Mac Scope

Is the G5 Enough to Entice Switchers?

Stephen Van Esch - 2003.06.25

No doubt you've heard that Apple has announced new, powerful desktop computers that are sure to give Windows machines a run for their money.

While fighting the Megahertz Myth has been an arduous (if worthy) battle, any sane Mac user will admit that it was a rearguard action. It will be much more fun to flat out claim that there is no speed difference between Mac and Wintel setups without giving an overview of clock speed and CISC vs. RISC chip architectures.

Apple has stripped away yet another big problem people seemed to have with buying a Mac. Now that the perceived performance gap has been closed, Apple should finally start building up some market share.

Or will they?

It's hard to say what kind of impact the G5 will have on switchers.

For those making the switch, there may be other factors that will always hold them back from Macs. There are layers of objections that people will make before making a decision to switch to something new. Apple has done a good job eliminating many of the qualms of the average switcher. Software bundles, attractive form factor, integration of software and hardware, and stability are only a few of the things that switchers will gain when they make the switch.

Add "speedy hardware" into the equation, and things can only look sweeter.

However, Apple may have trouble with a few other obstacles in the way of switchers. Take software investment, for example. Replacing an existing library of software can be an expensive proposition. Unless Apple is incorporating some fancy Windows emulator in their next revision of OS X, buying new software will remain a very real obstacle for switchers.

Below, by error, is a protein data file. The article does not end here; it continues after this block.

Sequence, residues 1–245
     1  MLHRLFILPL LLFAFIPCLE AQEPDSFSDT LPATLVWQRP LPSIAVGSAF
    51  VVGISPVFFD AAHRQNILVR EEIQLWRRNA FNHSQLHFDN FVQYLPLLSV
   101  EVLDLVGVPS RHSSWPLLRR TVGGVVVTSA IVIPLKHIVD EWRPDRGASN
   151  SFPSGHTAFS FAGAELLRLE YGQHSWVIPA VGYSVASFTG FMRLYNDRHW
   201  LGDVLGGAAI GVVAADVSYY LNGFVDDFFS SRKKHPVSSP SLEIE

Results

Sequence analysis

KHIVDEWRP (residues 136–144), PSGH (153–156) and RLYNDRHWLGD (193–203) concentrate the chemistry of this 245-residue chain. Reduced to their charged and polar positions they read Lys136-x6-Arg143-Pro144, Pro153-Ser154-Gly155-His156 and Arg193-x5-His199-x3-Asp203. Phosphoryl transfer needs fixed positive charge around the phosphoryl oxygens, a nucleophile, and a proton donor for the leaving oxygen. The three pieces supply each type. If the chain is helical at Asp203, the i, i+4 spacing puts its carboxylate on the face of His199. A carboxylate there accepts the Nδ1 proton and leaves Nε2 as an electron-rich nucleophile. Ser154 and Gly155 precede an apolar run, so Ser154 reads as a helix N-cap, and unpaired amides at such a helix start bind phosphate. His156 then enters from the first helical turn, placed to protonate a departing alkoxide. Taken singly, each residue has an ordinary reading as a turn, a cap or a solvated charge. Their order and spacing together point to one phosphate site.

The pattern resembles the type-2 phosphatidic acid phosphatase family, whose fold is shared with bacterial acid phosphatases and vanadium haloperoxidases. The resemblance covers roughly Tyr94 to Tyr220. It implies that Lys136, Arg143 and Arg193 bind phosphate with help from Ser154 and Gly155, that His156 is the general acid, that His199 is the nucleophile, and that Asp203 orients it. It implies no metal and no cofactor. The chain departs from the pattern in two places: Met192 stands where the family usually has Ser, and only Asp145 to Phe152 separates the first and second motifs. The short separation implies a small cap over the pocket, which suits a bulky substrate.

The G5 will, however, make it easier for new users to get in on the Mac action. Heck, you'd almost be crazy not to buy a Mac considering how far ahead of Windows "Longhorn" OS X will be. Think of it: "Features coming to Windows in 2004 are available today on the Mac." Catchy.

This might be particularly effective in a corporate setting. IT spending is tight, and many companies will be looking to save money on their next upgrade. Convincing these companies that going Apple will not only save money on IT costs but also bring features they won't get with Windows for at least a year or two and you might have a corporate switch or two on your hands.

Pure speculation there, of course, considering that company would need to shell out for all new hardware - but we can dream, can't we?

To recap, the G5 may do little to convince more switchers, but it should have an impact on those in the computer market for the first time.

Fingers crossed.

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Stephen Van Esch is the founder and president of the E-learning Foundry, an online training resource for Mac users. Steve loves the Mac and is doubly bilingual, since he's also fluent in Windows and French.

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